Carrying the Hydrant to the Fire

Carrying the Hydrant to the Fire

A novel and effective device is described in the August number of Insurance Engineering, in connection with an article on the Baltimore high service fire system. The invention is the Ross portable hydrant head, manufactured by the Ross Valve Manufacturing Company, of Troy, N. Y., and invented by William Ross and his brothers, who are associated with him in the company. The invention consists of a bronze hydrant head weighing 110 pounds, and with five openings which are adjustable to any type of hydrant. At Baltimore the hydrant head is used in connection with the joint invented by Chief Engineer Banks, of the water works system of that city. The use of the hydrant head in the high service fire district obviates the existence of hydrants above the street level, the location of the hydrant being covered by a cap level with the surface of the street and instantly removable. The hydrant head is kept on the apparatus in the fire department house, so that it is not subject to the action of the outside elements and is always under supervision and ready for use. It is carried to the fire with the apparatus, and experience has shown that it can be taken from the middle of the street and connected with the hydrant pipe, ready for the water to be turned on, in 18 seconds. The hydrant head combines different streams in a way to increase the efficiency of the application of water to a fire. In this way the use of short hose lines is permitted and the loss caused by the resisting friction of long lines of hose is obviated. At a fire recently in the high service zone in Baltimore, the fumes from a burning chemical factory drove the firemen from the immediate vicinity, but after they had placed the fire-quenching apparatus, it took care of itself without their presence, and the flames were extinguished. There are 15 of these hydrant heads in operation in Baltimore. The portable hydrant head is in use in other cities also.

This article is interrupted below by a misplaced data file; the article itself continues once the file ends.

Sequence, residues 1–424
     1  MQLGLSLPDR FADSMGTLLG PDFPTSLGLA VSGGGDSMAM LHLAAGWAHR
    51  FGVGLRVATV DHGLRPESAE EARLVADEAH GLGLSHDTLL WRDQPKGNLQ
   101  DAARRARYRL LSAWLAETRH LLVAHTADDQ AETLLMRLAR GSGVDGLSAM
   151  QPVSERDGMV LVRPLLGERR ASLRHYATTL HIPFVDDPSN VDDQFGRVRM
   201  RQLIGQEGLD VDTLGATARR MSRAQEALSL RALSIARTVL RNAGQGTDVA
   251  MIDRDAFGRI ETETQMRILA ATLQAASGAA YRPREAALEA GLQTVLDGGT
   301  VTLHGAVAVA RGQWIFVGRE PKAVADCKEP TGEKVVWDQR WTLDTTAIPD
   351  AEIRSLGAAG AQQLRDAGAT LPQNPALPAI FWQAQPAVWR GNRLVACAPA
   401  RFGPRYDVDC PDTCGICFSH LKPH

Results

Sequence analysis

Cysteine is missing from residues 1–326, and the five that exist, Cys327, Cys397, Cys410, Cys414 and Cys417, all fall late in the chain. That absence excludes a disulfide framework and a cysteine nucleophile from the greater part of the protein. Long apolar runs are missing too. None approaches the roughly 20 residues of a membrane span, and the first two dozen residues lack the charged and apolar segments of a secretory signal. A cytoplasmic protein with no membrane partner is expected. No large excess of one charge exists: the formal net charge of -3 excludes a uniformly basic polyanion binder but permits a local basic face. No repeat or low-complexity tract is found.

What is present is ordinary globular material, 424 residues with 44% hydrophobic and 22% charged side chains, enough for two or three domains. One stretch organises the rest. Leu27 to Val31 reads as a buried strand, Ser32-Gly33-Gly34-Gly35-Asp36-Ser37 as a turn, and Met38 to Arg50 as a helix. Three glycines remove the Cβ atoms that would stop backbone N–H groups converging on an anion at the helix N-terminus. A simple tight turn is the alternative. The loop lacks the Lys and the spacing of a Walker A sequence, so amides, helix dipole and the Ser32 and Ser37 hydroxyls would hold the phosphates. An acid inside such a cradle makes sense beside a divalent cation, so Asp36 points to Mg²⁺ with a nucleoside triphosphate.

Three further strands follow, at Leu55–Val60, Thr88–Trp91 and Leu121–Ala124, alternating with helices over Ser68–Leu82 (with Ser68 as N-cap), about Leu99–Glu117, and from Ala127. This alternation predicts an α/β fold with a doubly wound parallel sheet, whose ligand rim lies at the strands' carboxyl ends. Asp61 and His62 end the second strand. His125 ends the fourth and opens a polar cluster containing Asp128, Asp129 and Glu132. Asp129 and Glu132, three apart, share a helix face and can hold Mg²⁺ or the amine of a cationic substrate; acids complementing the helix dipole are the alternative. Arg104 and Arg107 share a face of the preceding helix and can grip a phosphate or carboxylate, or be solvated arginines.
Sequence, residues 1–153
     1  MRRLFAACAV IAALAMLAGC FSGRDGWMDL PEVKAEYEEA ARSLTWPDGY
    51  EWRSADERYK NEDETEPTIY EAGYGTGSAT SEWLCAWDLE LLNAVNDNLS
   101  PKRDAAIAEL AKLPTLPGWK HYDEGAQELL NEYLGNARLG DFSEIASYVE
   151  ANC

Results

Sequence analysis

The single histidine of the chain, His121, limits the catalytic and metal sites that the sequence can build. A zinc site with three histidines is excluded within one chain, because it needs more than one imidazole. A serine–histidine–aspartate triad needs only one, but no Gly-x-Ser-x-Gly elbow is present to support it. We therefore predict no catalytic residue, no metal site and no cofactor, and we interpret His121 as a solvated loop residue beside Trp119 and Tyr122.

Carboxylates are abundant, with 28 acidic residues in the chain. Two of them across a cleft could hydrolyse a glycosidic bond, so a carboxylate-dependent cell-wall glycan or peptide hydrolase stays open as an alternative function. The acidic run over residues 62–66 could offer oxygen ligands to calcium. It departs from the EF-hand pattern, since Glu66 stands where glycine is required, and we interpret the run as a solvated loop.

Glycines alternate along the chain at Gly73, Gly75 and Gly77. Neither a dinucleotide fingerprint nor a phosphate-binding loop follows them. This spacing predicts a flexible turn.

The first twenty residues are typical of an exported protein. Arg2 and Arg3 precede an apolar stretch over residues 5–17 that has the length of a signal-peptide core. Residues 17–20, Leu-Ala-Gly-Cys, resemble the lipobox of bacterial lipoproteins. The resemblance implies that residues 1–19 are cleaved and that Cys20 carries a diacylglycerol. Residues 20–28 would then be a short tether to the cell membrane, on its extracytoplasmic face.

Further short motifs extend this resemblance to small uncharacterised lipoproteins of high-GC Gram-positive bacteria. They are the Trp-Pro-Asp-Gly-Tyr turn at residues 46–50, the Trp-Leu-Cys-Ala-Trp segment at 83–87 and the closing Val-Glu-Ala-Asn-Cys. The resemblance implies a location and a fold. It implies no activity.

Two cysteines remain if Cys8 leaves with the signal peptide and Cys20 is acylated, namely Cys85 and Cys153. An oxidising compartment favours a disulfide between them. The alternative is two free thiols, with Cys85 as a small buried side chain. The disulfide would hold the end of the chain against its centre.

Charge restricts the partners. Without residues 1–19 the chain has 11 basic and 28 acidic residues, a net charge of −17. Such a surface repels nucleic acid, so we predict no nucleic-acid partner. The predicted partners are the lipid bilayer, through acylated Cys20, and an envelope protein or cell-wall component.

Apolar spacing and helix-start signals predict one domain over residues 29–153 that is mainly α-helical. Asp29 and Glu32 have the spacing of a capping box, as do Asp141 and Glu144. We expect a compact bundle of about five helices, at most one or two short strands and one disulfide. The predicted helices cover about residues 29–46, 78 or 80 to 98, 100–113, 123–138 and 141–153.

The Firemen’s Building Association, of New Orleans, La., has outlived its usefulness, and by unanimous vote will no longer exist as an organization.

No posts to display